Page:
There seems to be a lot of new hype within the last few weeks about expanding Medicaid in Idaho. I've seen some op-eds recently, and some of my legislative friends have been exposed to meetings in which the Obamacare sales team—Big Insurance, Big Hospitals, Big Medicine and Big Business—were busy making the pitch using new slogans and catchphrases in order to make policymakers believe expansion of the health care program for the poor is a can't lose proposition.
They don't call it Medicaid expansion anymore. They call it Medicaid redesign. For now. For all we know, next they'll call it iPad Plus, or something else that sounds so good, that we'll want to line up at the nearest electronics store to sign up for it. It's all a ruse to make us believe it's not really the expansion of government-run health care.
But I digress.
Boise State University political science professor David Adler dipped his toe into the Medicaid waters recently, too, calling Medicaid expansion a compassionate policy move. He noted that Ohio's Republican governor, John Kasich, supports Medicaid expansion. Now, I gather from his logic that we're all supposed to put our brains in neutral when we hear a Republican supports it; what could possibly go wrong here? Indeed, everything.
Adler quoted Kasich as he asserted that Medicaid expansion was a Christian act. Said the governor, "When you die and get to the meeting with St. Peter, he's probably not going to ask you much about what you did about keeping government small. But he is going to ask you what you did for the poor."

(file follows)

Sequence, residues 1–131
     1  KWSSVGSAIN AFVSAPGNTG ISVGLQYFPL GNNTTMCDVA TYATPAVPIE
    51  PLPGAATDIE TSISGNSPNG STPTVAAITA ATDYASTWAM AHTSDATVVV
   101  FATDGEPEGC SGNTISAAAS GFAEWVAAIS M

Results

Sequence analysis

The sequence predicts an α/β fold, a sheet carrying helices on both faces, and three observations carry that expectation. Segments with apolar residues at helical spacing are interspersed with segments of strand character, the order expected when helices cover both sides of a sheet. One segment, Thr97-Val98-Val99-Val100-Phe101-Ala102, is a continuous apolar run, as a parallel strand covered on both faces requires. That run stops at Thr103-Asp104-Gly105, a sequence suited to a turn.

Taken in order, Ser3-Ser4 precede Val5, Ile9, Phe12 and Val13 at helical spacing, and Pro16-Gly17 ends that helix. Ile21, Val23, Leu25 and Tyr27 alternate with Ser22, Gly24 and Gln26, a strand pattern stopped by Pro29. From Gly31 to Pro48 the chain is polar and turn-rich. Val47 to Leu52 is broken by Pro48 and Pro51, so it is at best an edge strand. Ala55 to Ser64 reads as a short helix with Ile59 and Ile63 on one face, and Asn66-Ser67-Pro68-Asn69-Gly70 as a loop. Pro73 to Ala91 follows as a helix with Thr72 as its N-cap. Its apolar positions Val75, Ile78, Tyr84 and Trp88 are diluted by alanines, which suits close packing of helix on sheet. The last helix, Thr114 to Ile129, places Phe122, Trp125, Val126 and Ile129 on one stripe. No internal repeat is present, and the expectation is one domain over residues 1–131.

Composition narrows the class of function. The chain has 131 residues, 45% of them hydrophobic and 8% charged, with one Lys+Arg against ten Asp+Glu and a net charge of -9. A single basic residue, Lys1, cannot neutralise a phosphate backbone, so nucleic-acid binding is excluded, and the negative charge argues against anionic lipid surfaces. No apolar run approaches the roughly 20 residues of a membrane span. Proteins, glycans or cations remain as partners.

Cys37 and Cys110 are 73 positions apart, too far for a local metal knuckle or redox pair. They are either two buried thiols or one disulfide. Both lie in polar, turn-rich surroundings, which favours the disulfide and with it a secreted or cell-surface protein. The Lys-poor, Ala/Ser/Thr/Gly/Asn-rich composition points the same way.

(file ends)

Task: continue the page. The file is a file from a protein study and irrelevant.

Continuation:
What you did "for the poor?" How about what you did "to the poor?" In other words, we already know government health care is screwed up. Medicaid was badly broken before Obamacare came along. Medicaid wastes billions of dollars. Access to care is horrendous. More and more doctors are refusing to accept Medicaid patients. The doctors who do take Medicaid complain about being under-reimbursed, about having to deal with the bureaucracy that is Medicaid, about having to deal with patients who clearly are not invested in their own health care because someone else is paying for it.
And that's what we want to expand? Why?
What's more, Medicaid expansion is being billed as a relief to taxpayers here in Idaho, because most of the expansion, we've been promised, will be paid by the federal government.
Last I heard, the federal government has no money. It is broke. It is borrowing and borrowing and digging the debt hole deeper and deeper. The bill will have to be repaid by our kids and grandkids. And even our great grandkids. Tell me, what's so Christian and moral and upstanding about that, about asking future generations to pay the health care costs we incur today?
I find very little either charitable or compassionate, let alone moral, in the expansion of a broken government program.
Finally, states that expanded government health care before Obamacare made it rad and cool have seen worsening health outcomes, not better, among other problems.
I'm sure Adler and Kasich are right that St. Peter will ask a lot of questions when we get to those Pearly Gates. For politicians who expand Medicaid, he might ask why they were willing to treat poor people so badly in funneling them into a nightmare bureaucracy at extraordinary expense instead of giving them access to real solutions and the medical care and attention they really need and deserve.